Hardwick keeps the faith after AFL loss

Richmond coach Damien Hardwick knows the challenge is immense, having watched his underperforming side fail to do the basics expected of amateurs.

But Hardwick remains upbeat his AFL side can fight their way out of an early-season slump, as was the case in 2014 and 2015.

The heat was already on Hardwick after an underwhelming start to the season and it proceeded to get hotter as Port Adelaide trumped the Tigers by 35 points on Saturday night.

The upset loss leaves the Tigers, who next face reigning premiers Hawthorn, with one win from the opening six rounds.

Not since 2010, Hardwick’s first season in charge, have Richmond started a season so poorly.

Hardwick called the performance embarrassing, dumb and devoid of dignity.

“We’re missing kicks, missing handballs, missing tackles … simple things that a local football side should be doing, we’re not doing,” he conceded.

But Hardwick added his under-siege side is capable of playing so much better and backed them to turn the corner soon.

“It’s certainly doable. I’ve got great faith in the players we have and the coaches … that we can get back on track,” he said.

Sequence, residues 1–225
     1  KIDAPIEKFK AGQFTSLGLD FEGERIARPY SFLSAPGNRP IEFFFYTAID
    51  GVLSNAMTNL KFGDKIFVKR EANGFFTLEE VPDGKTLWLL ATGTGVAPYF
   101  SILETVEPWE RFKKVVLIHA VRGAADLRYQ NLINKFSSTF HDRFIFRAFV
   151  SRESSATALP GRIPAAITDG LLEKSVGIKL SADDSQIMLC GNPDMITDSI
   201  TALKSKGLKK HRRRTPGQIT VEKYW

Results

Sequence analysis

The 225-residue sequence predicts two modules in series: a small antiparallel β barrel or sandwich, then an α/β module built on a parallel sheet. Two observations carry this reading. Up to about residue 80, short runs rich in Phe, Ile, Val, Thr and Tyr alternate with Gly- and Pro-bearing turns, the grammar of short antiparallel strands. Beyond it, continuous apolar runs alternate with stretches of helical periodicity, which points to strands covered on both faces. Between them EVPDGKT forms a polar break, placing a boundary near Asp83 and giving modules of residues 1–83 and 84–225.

“But that first win is the most important.

“The reality is it comes back to me and our coaching staff. We’re the ones that have to drive the message across and make sure it does get across.

“We’ve got to get better in a lot of areas, us (coaches) included.”

The Tigers forced their way into the top eight during the past two seasons after sluggish starts.

The equation is already tougher but Hardwick wouldn’t be drawn on whether Friday night’s match against the Hawks could make or break Richmond’s ever-slimming finals hopes.

“I’ve been thinking each game is season defining at the moment. The competition is so even,” he said.

“We’ve just got to worry about getting the four points.”

Hardwick coached from the boundary line during the third quarter of his side’s loss to the Power.

It failed to have the desired impact but Hardwick will keep trying new things in an effort to spark his charges.

“The easy thing is to rant and rave. The methodical message is what you’ve got to look for to get the boys back on track,” he said.

“We try things at various stages.

“Sometimes it is as easy as just ‘have a day off’. Reality is that doesn’t improve our skill execution.”

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